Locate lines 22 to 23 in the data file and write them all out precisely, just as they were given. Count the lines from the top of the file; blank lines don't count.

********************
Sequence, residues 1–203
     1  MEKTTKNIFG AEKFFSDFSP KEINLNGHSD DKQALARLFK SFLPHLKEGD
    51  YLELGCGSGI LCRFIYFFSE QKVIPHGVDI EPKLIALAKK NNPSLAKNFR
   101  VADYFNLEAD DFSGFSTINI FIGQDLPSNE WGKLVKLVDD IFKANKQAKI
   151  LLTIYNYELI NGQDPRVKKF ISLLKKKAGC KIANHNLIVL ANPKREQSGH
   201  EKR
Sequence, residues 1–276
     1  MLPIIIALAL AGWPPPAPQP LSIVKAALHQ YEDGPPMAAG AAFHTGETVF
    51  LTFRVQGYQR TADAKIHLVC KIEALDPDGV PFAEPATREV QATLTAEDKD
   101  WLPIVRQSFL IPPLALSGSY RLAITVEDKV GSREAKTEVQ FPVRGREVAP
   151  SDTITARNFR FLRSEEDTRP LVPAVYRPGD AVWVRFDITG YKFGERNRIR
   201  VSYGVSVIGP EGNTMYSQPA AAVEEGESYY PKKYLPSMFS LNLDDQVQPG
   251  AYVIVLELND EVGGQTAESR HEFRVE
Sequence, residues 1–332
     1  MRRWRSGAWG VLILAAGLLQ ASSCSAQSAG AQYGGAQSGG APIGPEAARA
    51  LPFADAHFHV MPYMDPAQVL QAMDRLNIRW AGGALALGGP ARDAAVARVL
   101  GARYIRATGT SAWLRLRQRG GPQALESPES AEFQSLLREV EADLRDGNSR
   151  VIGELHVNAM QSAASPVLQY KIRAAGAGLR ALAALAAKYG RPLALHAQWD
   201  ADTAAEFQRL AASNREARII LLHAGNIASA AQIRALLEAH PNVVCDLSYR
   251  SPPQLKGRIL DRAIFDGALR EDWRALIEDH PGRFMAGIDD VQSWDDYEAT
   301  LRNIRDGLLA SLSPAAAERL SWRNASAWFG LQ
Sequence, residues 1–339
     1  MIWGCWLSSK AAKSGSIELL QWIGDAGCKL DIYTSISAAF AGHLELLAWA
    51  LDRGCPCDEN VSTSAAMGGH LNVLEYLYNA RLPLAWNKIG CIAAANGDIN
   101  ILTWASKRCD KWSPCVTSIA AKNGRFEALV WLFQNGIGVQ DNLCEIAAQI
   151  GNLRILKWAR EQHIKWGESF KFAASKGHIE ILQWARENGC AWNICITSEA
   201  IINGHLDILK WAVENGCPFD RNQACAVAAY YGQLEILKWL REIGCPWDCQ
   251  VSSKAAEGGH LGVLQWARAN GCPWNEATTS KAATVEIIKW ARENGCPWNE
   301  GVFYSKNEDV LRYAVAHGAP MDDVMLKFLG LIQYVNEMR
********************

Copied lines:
Sequence, residues 1–339
     1  MIWGCWLSSK AAKSGSIELL QWIGDAGCKL DIYTSISAAF AGHLELLAWA